Musically dormant since 1999, Kenny Rogers has finally returned and offered fans of country music a home run. You Can’t Make Old Friends offers listeners the classic country medley: a love song, a ballad, an anthem as American as apple pie and a rousing drinking song.

The title song, “You Can’t Make Old Friends,” rings true through the vocal duet between Rogers and Dolly Parton. Their voices harmonize well and reflect a real-life friendship that began after their 1983 duet and eventual number one hit, “Islands in the Stream.” “You Can’t Make Old Friends” will certainly have a wide appeal for Rogers’ and Parton’s existing audiences but the pleasant melody may not be enough to make up for the sappy, sweet lyrics, which may cause a younger audience to hit the “next” button.

“You Had to Be There” is a classic ballad. The conversation between an absentee father and his son, through the glass of a prison phone booth, is accompanied by a wonderfully melancholic tune that captures a sense of lost time between the family members. The seemingly depressing topic actually makes for a great song; it evokes a sense of American spirit that is unique to country music and reminds listeners to spend time with loved ones while they have it.

Similarly, “’Merica” uses lyrical imagery to conjure up feelings of nostalgia and American pride. The gospel choir and extended guitar solo are enough to rouse a stadium of people to sway in time and sing along. Again, this song will have a wider appeal for an older audience but it is still imbued with a widely appealing sense of pride and dignity. It reminds the American people of what the nation has gone through and what it can endure.

“Turn This World Around” is the best song on the album. Reminiscent of Eric Church, this track stands out as an energetic and intoxicating drinking song. Moreover, a closer listen to the lyrics reveals the song to be quite inspiring, praising camaraderie so compellingly that listeners will be humming the words even when the music isn’t playing.

Almost as good as “Turn This World Around” are “It’s Gonna Be Easy Now” and “Don’t Leave Me in the Night Time.” “It’s Gonna Be Easy Now” is catchy and has the makings of a good workout song, featuring edgy rhythms and hoarse vocals. The back and forth between Rogers and the chorus is an interesting way to illustrate perseverance, while the shift to a harder rock style about a minute in makes the audience get on their feet. “Don’t Leave Me In the Night Time,” featuring Buckwheat Zydeco, is enchantingly simple, capturing a happy, small town America vibe that could improve even the most stressful midterm week.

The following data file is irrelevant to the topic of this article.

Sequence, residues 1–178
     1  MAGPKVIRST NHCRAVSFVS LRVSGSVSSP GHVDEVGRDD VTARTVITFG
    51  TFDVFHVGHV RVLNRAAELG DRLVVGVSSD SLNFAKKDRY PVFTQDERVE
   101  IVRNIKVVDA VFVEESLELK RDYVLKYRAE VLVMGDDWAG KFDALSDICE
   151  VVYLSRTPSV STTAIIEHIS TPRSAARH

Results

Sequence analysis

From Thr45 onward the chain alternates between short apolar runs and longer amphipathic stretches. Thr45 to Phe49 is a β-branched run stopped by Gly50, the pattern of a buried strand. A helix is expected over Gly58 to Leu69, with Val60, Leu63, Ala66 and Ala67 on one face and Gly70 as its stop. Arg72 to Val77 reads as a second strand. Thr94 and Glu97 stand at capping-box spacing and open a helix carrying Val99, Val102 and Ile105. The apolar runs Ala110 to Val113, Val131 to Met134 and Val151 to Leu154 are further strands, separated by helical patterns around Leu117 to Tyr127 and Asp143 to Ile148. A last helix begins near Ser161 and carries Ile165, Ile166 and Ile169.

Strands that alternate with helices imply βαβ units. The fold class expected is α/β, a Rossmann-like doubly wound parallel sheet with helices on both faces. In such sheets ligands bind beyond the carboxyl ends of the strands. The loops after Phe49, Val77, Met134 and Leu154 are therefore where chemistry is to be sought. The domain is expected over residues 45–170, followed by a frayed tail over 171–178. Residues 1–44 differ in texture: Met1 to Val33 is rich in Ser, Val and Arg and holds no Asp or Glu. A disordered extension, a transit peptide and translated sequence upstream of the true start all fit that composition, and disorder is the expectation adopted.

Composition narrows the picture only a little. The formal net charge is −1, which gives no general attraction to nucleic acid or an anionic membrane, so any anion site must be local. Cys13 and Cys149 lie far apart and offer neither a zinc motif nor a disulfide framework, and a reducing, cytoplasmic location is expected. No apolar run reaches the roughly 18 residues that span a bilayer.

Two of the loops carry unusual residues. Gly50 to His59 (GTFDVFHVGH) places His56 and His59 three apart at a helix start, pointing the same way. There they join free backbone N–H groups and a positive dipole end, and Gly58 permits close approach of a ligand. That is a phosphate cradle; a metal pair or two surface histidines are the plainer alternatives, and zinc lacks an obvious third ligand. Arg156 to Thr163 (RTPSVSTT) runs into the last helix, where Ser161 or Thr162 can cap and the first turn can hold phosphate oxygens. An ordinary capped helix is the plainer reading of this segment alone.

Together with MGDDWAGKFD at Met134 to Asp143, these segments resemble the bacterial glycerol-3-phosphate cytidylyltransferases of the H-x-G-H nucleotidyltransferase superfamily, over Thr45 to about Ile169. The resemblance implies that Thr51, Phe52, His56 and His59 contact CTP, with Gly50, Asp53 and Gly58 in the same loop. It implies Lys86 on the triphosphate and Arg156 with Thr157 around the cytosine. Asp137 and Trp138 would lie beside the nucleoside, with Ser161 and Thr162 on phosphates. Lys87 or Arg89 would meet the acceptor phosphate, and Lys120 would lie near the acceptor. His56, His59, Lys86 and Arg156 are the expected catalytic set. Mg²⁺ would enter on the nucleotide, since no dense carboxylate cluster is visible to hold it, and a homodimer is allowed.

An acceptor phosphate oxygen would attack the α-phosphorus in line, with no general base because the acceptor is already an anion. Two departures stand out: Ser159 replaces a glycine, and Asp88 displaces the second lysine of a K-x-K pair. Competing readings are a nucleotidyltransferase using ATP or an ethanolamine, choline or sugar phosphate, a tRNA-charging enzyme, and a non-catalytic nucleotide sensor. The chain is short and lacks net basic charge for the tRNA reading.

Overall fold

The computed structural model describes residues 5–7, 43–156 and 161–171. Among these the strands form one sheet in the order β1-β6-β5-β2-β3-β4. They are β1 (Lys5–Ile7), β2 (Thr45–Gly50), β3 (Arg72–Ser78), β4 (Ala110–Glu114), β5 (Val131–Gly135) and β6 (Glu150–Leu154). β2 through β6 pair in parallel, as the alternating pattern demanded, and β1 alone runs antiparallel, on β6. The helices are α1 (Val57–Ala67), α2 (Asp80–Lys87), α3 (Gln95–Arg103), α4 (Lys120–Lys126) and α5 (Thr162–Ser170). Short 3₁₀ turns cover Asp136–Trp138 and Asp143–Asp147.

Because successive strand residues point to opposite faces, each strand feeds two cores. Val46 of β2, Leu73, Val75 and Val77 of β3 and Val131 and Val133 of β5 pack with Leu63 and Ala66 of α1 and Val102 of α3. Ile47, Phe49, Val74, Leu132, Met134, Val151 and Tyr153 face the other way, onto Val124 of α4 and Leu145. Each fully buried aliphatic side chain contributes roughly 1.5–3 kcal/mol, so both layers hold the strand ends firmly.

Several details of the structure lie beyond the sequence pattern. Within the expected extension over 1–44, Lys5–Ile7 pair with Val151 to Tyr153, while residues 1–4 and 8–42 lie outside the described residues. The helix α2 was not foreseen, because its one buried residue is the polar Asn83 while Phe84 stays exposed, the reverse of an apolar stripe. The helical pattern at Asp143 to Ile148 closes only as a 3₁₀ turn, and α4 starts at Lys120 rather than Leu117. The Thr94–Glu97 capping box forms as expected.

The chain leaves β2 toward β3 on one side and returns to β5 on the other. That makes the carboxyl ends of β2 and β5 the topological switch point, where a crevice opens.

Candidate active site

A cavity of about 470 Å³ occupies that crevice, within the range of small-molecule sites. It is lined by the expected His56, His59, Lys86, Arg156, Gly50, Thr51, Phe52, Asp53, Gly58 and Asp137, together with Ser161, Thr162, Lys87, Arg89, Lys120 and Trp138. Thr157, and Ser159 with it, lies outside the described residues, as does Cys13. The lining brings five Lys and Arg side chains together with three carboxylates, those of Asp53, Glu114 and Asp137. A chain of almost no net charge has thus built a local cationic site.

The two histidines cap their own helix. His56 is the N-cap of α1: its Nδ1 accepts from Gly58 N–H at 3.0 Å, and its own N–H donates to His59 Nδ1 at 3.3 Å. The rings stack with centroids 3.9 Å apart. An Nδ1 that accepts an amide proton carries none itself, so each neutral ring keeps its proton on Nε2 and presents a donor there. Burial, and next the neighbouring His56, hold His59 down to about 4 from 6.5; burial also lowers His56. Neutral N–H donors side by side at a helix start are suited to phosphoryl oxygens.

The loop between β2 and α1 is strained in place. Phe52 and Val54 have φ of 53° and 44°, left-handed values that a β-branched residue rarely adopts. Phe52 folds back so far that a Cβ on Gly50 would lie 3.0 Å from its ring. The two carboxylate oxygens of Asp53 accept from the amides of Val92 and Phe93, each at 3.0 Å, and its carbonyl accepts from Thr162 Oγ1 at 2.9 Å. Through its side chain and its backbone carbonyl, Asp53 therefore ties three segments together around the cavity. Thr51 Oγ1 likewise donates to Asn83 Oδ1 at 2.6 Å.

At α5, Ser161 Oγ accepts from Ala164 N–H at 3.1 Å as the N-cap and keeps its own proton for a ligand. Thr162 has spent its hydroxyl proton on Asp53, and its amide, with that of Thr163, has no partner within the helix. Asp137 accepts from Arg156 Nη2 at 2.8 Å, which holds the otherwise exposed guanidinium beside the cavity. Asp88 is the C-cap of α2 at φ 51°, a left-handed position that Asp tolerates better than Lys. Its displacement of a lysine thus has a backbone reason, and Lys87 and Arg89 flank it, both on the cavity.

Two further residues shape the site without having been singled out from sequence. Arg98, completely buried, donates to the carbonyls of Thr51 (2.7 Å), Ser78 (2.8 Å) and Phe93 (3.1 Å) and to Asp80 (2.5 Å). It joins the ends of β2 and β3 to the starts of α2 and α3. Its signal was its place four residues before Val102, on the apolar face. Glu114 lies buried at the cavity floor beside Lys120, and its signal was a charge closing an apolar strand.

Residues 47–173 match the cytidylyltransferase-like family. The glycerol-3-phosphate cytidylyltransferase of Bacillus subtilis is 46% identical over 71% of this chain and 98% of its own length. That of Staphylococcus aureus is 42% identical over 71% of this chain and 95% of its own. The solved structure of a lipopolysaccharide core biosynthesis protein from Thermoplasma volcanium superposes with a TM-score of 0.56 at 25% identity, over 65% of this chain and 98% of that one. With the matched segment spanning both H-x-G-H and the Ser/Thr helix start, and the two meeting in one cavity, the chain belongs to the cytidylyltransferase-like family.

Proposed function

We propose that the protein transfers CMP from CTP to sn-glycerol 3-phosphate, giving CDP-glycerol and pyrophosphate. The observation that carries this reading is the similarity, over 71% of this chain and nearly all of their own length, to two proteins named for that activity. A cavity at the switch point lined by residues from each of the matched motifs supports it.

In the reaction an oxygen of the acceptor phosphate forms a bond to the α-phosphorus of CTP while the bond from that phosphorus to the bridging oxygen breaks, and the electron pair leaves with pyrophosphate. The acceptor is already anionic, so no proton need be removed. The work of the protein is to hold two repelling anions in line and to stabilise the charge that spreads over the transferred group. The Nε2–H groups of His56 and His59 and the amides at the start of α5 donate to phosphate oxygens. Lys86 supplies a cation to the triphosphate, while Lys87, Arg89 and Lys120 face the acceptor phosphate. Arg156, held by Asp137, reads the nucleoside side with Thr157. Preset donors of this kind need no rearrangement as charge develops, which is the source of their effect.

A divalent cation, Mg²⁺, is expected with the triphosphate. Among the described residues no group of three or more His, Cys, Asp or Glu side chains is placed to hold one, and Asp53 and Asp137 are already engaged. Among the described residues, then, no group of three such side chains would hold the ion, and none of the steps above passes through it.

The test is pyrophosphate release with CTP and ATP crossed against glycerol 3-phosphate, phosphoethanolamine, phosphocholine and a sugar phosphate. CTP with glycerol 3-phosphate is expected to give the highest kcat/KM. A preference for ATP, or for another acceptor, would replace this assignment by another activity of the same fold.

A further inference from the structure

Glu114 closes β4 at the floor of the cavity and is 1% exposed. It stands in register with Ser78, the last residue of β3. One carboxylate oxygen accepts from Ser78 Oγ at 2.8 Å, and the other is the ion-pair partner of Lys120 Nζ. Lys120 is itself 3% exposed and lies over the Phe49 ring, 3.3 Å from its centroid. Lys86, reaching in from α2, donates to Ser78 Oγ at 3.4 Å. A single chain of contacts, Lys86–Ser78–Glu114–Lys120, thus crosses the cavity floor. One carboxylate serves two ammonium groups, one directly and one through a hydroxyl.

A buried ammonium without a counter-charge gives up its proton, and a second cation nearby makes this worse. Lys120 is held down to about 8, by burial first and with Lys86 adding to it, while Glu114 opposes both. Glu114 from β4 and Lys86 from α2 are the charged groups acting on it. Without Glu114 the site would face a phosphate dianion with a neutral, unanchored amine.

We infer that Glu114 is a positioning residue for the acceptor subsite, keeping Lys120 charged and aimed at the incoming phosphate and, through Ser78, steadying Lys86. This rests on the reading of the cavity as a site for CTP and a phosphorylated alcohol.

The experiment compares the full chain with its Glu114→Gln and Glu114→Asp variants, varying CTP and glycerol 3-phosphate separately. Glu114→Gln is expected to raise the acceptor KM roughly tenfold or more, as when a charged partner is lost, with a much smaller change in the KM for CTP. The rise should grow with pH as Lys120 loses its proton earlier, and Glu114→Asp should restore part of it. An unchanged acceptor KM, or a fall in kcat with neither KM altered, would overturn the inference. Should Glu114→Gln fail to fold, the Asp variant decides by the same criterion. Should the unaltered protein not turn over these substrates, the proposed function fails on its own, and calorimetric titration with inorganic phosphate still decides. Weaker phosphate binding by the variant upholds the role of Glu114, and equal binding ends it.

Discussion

However, despite many successes, not all the songs on the album are winners.  “When You Love Someone” fails to match up to Bryan Adam’s original version or the version from the film Hope Floats.“Dreams of the San Joaquin” addresses the disappointment of immigrants who come to America to fulfill their dreams while struggling to support their families. The song has touching lyrics that effectively mix Spanish and English, but, at just over six minutes, is too long for a commercial audience and too dirge-like to attract the casual listener.

All in all, this album is an enjoyable listen, particularly for fans of Rogers’ earlier work. However, for those looking for an entry into country music, this isn’t the place to start; it’s well-done but melancholic and more geared towards die-hard country fans.

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